Can Preschoolers Fix Social Security?

Posted on June 24, 2005
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You have to admire vested interests in the education status quo: they have a flair for reinvention that rivals Madonna's, and to the same end: more money. WestEd's June 23 report claiming that preschool can solve the Social Security crisis, however, is even harder to swallow than the pop star's latest turn as a children's book author.

Some historical perspective: After Sputnik, the establishment donned its 007 tuxedo and sold more spending as the key to Cold War victory with the National Defense Education Act for math and science instruction. In the 1960s they donned their War on Poverty uniform, selling the Elementary and Secondary Education Act (Title 1) as a long-term solution to poverty.

What has been the result? The U.S. scored 19 out of 21 nations in the latest 12th grade international math and science test score comparison. In 2001, secretary of education Rod Paige announced, "After spending $125 billion of Title I money over 25 years, we have virtually nothing to show for it."

Now comes the WestEd report claiming preschool can fix Social Security. At an annual cost of $12,000 per child, the report breathlessly asserts, "As adults, they would enter the workforce at higher skill levels, earning larger salaries and paying higher taxes into the system."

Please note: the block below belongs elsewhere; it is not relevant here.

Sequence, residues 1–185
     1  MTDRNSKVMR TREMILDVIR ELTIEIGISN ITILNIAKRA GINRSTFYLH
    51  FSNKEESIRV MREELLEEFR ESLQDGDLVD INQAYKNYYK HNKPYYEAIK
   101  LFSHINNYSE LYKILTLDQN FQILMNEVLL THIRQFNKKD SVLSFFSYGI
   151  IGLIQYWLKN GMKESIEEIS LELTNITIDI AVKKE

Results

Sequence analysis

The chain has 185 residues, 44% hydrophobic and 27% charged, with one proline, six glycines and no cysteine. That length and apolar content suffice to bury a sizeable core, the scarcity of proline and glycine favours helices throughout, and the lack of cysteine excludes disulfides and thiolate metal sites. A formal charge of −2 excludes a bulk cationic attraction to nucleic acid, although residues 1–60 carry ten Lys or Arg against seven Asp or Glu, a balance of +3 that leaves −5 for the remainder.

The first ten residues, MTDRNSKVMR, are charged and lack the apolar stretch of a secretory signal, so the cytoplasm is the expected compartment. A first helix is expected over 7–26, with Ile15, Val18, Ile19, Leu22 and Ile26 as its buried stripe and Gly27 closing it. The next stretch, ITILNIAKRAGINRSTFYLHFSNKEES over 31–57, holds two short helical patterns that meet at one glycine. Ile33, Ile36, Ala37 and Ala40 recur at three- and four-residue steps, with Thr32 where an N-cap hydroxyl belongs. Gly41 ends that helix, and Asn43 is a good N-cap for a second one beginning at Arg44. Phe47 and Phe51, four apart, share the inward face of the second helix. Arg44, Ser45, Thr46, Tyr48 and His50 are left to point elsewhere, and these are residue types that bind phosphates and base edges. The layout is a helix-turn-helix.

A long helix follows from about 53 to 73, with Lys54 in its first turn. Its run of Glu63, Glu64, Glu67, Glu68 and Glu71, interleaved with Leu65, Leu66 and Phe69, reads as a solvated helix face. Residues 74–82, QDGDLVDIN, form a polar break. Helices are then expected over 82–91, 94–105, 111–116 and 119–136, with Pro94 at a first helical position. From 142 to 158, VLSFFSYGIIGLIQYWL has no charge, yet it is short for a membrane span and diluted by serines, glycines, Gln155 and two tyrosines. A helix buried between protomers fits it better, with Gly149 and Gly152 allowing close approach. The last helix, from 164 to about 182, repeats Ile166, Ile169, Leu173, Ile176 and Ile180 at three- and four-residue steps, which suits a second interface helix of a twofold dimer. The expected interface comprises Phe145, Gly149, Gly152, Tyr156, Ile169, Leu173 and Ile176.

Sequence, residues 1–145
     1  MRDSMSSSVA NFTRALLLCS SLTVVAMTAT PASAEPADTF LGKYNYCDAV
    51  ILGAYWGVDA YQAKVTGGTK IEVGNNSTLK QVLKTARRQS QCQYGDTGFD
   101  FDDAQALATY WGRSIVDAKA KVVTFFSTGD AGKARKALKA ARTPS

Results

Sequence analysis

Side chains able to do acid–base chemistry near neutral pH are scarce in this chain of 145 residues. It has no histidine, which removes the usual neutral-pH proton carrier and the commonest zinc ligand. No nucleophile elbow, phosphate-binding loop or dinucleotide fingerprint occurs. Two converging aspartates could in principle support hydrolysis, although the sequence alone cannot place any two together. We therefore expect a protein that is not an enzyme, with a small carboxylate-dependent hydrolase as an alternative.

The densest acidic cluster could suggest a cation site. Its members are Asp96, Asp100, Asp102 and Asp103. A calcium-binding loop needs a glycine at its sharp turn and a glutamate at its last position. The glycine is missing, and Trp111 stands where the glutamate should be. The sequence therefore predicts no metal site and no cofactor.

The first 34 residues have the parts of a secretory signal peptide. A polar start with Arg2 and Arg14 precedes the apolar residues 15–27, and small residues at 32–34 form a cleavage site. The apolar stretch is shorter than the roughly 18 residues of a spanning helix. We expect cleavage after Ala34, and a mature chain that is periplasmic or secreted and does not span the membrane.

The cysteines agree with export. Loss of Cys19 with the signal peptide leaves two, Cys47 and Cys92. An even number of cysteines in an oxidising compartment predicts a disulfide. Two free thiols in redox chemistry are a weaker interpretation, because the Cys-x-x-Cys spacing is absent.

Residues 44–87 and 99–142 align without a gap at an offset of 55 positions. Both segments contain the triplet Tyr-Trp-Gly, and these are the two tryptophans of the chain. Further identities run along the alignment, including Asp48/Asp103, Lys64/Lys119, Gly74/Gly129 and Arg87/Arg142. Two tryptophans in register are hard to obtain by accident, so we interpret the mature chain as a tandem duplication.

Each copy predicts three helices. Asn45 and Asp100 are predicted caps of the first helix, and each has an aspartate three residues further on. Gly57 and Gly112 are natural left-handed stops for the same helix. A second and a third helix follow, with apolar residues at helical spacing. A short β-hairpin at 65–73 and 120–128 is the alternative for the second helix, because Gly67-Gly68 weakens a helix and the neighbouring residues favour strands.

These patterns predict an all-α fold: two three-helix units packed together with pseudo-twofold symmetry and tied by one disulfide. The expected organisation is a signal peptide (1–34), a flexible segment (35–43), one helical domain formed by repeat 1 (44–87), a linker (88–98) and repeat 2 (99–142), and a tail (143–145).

To say nothing of forcing our grandchildren to inherit our debts, preschoolers won't solve the Social Security problem. Research demonstrates that gains from preschool fade in the early elementary years: there is no discernable long-term gain.

Madonna may be right about what kind of world we are living in, but the special interests are going to need better material to justify this spending spree.

Key Links:
- Education News: "Can Today's Preschoolers Save Tomorrow's Social Security?"
-WestEd report: Early Childhood Investment Yields Big Payoff
-Goldwater Institute study: Assessing Proposals for Preschool and Kindergarten: Essential Information for Parents, Taxpayers and Policymakers

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